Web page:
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The Big Easy in the Big O

March 17, 2017 by
Photography by Bill Sitzmann

One of America’s great food cities, New Orleans, is steeped in history, culture, and fantastic flavors. From beignets to étouffée, the Southern city’s distinctive cuisine attracts food lovers worldwide. Perhaps the best way to satisfy one’s Cajun and Creole cravings is with a trip to N’awlins. But if that isn’t in your plans, a visit to Herbe Sainte offers a taste of the Big Easy without leaving the Big O.

The Aksarben Village cocktail bar and restaurant, which opened in late October 2016, is the creation of longtime restaurateur Ron Samuelson and his nephews, Aaron and Justin Halbert. For decades, Samuelson co-owned M’s Pub, the iconic Old Market restaurant that was destroyed in a January 2016 fire. His focus is now on Herbe Sainte and other new projects, including a French-focused eatery that he and the Halberts are working on.

muffuletta

For Herbe Sainte, the trio took inspiration from the food and drink of the Crescent City. “New Orleans has a great cocktail culture,” Justin Halbert says. Seafood purveyors from several Gulf Coast states supply the restaurant with fresh shrimp, crawfish, and oysters. Halbert, who used to live in Florida, says seafood from the region, particularly Gulf shrimp, boasts exceptional flavor and texture.

Shrimp is the star of one of the restaurant’s most popular dishes, NOLA shrimp. One of a dozen items on the small menu, it features plump, succulent shrimp smothered in a rich, luscious sauce made decadent with cream, butter, and wine. It’s served with crusty French bread to sop up the sauce, which is sparked with a Creole seasoning blend for a palate-tingling heat. I would have liked a bit more spice, but I thoroughly savored each bite.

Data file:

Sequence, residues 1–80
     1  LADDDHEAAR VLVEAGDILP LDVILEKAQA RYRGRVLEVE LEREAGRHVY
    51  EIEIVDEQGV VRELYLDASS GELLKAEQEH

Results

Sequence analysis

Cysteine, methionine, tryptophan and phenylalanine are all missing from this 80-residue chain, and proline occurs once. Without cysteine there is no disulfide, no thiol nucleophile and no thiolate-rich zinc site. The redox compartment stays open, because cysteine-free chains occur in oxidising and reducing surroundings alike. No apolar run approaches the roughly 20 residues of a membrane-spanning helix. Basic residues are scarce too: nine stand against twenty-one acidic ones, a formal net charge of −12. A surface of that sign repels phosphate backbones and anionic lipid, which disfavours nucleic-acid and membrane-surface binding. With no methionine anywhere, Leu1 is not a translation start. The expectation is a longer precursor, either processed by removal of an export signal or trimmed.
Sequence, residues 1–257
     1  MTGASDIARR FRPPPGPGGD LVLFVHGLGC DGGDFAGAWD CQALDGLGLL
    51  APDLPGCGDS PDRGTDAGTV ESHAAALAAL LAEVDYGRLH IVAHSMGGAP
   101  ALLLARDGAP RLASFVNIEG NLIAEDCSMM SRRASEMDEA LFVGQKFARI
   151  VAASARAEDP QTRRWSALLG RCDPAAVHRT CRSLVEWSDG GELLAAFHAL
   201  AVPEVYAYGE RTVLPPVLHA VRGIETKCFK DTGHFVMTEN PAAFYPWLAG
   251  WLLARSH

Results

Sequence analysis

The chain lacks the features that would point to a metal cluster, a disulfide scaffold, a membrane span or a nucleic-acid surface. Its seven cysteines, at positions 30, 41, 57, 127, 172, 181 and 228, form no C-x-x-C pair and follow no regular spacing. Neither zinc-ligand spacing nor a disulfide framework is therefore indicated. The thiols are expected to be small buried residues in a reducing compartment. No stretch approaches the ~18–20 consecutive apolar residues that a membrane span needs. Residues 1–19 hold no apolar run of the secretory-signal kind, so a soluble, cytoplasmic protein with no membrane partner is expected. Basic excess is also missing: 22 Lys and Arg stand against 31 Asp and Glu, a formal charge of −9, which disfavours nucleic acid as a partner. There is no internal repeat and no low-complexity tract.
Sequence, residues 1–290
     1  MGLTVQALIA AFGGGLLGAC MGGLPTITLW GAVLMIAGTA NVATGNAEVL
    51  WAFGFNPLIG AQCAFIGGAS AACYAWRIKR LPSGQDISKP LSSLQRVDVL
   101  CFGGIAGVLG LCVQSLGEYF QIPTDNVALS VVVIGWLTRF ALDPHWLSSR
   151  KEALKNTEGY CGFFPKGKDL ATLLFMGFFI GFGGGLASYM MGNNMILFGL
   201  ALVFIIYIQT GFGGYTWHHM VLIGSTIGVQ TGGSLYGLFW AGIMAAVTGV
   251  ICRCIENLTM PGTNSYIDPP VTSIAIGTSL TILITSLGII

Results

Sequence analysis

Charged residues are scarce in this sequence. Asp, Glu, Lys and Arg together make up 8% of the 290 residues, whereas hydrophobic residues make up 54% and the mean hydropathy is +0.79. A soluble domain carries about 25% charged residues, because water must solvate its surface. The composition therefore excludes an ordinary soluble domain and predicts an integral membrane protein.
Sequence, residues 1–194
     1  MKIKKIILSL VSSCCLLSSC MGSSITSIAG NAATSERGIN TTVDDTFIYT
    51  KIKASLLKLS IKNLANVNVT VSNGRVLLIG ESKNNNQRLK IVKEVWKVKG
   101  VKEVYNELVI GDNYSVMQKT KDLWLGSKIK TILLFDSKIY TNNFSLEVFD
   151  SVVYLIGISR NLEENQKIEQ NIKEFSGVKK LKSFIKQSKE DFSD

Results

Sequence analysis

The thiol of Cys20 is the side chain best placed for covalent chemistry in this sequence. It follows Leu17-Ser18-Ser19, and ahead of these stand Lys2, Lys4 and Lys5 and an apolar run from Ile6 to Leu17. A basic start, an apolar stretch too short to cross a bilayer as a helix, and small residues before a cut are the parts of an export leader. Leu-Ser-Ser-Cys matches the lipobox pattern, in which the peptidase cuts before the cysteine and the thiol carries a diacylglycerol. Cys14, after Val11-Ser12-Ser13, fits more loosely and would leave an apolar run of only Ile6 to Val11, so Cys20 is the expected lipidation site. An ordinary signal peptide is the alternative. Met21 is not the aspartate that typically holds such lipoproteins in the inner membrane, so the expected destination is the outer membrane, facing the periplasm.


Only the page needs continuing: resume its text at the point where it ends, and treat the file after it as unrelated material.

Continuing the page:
raw oysters

Executive chef Jeff Owen leads the kitchen, showcasing an appreciation for the nuances of New Orleans cuisine while putting his own twists on the classics. The shrimp roll features boiled shrimp lightly dressed with Cajun remoulade, lettuce, onion marmalade, and cornichon. Lack of breading and frying allows the shrimp’s firm, meaty texture and sweet, clean flavor to shine. We liked the filling but thought the bun needed to be warmed or toasted a bit.

Oysters are abundant in New Orleans and on Herbe Sainte’s menu. They’re available shucked and served on the half shell, as well as broiled. For non-seafood lovers, there’s muffuletta (a signature New Orleans sandwich stuffed with cold cuts, cheese, and olives) and a cornbread and sausage plate. It features sliced boudin (pork-and-rice sausage), mustard, pickles, slaw, two types of cornbread, and honey butter. The restaurant’s boudin has a soft, crumbly texture and was milder than I expected.

Enhancing the dining experience is a stylish interior with local artwork, modern-meets-rustic décor, and an eye-catching bar with custom wood shelving. Several couches, coffee tables, and armchairs invite guests to linger. The high-ceilinged space is intimate enough for date night yet lively enough for after-work cocktails. “We wanted it to be really eclectic,” Halbert says.

The establishment’s name comes from Herbsaint, an ingredient Sazerac cocktails.

The drink menu offers classic New Orleans cocktails, such as the Sazerac. Bold yet balanced, it includes brandy, Peychaud’s bitters, simple syrup, and the restaurant’s namesake, Herbsaint, an anise-flavored liqueur used as an absinthe alternative. The long, spacious bar provides plenty of room to whip up craft cocktails and develop house-made ingredients.